Freedom of Speech Is Buttressed as U.S. Supreme Court Concludes Term
The U.S. Supreme Court capped its nine-month term with a show of support for free speech.
Whether the topic was violent video games, pharmaceutical marketing campaigns or political contributions, the justices cast a skeptical eye toward government regulation of speech as they closed out their year with a flurry of First Amendment rulings.
The court yesterday struck down a California law barring the sale of violent video games to children, and voided an Arizona system that provided public funds to political candidates based on their opponents’ financial resources. Last week the court overturned a Vermont law aimed at limiting the ability of brand-name drugmakers to tailor their sales pitches to doctors.
“I wouldn’t say that the court’s track record on speech is absolutely perfect, but it’s pretty close to that,” said Steve Simpson of the Institute for Justice, an Arlington, Virginia, group that successfully challenged the Arizona system. The court has “really protected speech where it’s mattered the most, even though in some cases it’s clearly wanted to allow the government a certain amount of room to navigate.”
Each ruling divided the court, with dissenting justices lamenting the limits the majority placed on the government’s ability to address societal issues. In the campaign finance case, Justice Elena Kagan said the disputed law could promote speech, not restrict it, by preventing money from corrupting politics.
‘Will of the People’
The invalidated law “fostered both the vigorous competition of ideas and its ultimate object -- a government responsive to the will of the people,” Kagan wrote.
Two of the rulings fractured the court at or near its ideological fault line. In the 5-4 campaign finance decision, the court’s five Republican appointees -- Chief Justice John Roberts and Justices Antonin Scalia, Anthony Kennedy, Clarence Thomas and Samuel Alito -- formed the majority.
In the drug case, Justice Sonia Sotomayor joined that group in a 6-3 decision to strike down the Vermont law limiting the use of data on the prescription writing practices of doctors. The measure targeted “detailing,” the brand-name drug industry practice of making one-on-one sales pitches to doctors, and was aimed at encouraging the use of lower cost generic drugs.
In both cases, the majority said the state was improperly attempting to penalize one side of a public policy debate.
“The state may not burden the speech of others in order to tilt public debate in a preferred direction,” Kennedy wrote for the majority in the drug case. Bloomberg LP, the parent of Bloomberg News, was among several news organizations that urged the court to overturn the Vermont law.
The splits in those cases fueled assertions that the court’s ardor for free speech depends on what is being said and who is speaking. Supreme Court rulings in recent years have limited the speech rights of students, public employees and human rights activists, said Adam Winkler, a constitutional law professor at the University of California at Los Angeles.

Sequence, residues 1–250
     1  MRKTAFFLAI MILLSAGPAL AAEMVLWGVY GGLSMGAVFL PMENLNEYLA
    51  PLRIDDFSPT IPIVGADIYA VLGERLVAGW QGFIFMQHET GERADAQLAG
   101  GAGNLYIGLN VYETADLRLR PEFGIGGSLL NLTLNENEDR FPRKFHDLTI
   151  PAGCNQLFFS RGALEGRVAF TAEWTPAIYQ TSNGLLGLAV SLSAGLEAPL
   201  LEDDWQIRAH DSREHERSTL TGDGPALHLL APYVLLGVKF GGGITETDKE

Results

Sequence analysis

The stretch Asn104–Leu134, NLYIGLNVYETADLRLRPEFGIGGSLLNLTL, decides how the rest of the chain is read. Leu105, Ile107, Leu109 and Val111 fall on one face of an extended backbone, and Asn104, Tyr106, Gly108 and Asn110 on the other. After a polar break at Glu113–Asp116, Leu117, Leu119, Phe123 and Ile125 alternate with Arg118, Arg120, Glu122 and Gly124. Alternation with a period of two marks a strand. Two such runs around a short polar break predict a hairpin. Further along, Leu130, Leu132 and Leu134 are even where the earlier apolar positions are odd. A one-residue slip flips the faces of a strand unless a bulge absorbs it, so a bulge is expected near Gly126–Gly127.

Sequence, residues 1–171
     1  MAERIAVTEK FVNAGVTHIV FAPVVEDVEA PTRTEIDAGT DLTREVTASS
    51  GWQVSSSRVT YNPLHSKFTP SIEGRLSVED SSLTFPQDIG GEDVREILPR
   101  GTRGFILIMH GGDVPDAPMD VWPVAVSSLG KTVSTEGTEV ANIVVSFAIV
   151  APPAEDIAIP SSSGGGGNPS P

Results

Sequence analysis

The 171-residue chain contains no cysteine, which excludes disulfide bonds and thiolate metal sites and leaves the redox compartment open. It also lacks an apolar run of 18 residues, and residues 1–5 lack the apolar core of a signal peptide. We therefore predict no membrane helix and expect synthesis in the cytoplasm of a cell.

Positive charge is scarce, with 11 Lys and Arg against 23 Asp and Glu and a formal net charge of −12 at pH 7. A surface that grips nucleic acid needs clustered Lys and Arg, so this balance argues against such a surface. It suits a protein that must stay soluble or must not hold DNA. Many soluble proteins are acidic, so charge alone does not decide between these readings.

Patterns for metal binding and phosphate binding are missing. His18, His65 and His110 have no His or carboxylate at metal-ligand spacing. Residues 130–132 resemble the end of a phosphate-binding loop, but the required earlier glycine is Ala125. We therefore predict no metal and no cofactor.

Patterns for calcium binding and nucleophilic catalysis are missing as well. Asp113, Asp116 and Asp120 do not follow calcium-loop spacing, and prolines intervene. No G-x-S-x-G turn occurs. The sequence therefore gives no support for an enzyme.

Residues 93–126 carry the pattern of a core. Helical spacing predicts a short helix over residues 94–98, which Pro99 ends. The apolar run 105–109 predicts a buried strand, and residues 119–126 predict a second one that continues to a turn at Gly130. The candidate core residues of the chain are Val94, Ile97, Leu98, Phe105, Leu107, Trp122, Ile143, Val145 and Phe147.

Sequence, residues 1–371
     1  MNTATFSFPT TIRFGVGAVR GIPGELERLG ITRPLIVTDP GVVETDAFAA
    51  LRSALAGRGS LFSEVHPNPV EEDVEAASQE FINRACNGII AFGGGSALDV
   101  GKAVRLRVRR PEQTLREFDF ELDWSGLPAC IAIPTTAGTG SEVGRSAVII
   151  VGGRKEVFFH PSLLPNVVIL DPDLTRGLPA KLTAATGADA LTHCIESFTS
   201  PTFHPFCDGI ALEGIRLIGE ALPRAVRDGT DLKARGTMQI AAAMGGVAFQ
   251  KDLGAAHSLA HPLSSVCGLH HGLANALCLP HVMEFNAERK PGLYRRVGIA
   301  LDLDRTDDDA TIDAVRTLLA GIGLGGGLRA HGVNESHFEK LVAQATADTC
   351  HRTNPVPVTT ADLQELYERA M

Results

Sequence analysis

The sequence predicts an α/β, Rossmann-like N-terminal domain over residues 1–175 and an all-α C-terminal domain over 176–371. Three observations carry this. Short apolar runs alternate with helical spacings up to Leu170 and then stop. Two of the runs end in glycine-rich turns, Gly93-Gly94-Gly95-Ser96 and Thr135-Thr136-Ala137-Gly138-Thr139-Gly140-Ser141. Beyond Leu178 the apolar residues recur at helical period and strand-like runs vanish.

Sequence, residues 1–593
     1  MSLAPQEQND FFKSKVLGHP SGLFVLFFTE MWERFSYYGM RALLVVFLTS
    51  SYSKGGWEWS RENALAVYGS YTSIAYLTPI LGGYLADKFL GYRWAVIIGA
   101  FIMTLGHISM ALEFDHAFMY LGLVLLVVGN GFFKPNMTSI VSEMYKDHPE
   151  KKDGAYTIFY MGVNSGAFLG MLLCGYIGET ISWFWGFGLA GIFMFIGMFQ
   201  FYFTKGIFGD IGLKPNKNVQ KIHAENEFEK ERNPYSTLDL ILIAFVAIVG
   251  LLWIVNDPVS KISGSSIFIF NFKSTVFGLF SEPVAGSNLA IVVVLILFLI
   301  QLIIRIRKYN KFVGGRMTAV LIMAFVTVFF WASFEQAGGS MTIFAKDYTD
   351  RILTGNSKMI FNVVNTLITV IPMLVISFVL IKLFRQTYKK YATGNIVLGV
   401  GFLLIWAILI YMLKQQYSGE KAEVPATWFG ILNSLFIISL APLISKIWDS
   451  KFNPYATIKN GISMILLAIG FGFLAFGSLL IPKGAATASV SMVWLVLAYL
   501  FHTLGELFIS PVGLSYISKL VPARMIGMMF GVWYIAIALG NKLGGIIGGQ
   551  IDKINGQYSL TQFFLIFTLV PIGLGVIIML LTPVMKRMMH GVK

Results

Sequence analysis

“The Roberts court strongly protects speech that it likes, while allowing regulation of speech it disfavors,” Winkler said.
The court said in March that it will protect even unpopular and offensive speech. Voting 8-1 with Alito as the lone dissenter, the justices struck down a $5 million award against a group that staged an anti-homosexual demonstration at a military funeral.
The protesters, from the Westboro Baptist Church in Topeka, Kansas, bore signs that said God was killing U.S. soldiers to punish the country for accepting homosexuality. Writing for the court, Roberts said the protesters had inflicted “great pain” on the father of a Marine who died in Iraq.
“On the facts before us, we cannot react to that pain by punishing the speaker,” Roberts wrote. “As a nation we have chosen a different course -- to protect even hurtful speech on public issues to ensure that we do not stifle public debate.”
The video game case produced an unusual alignment, with Scalia, Kennedy, Sotomayor, Kagan and Ruth Bader Ginsburg taking the staunchest free-speech positions. Those five rejected the state’s contention that violent games are akin to sexual materials, which the government can restrict to protect children.
Roberts and Alito agreed with the result, while saying they would have left room for states to enact better-crafted laws. Thomas and Stephen Breyer dissented.
Breyer, perhaps the court’s strongest advocate for the regulatory power of government, also voted to uphold the Vermont drug law and the Arizona campaign finance measure.
The justices may extend the First Amendment further in the term that will start in October. The court yesterday said it will decide whether federal regulators violate the speech rights of broadcasters by imposing fines for on-air profanities and nudity.
“This court is the strongest First Amendment court in history,” said Burt Neuborne, a New York University School of Law professor who specializes in civil liberties and filed a brief backing the Arizona public financing law. “The current majority uses the First Amendment as a powerful tool of deregulation that eliminates virtually all government efforts to regulate anything to do with the flow of information.”
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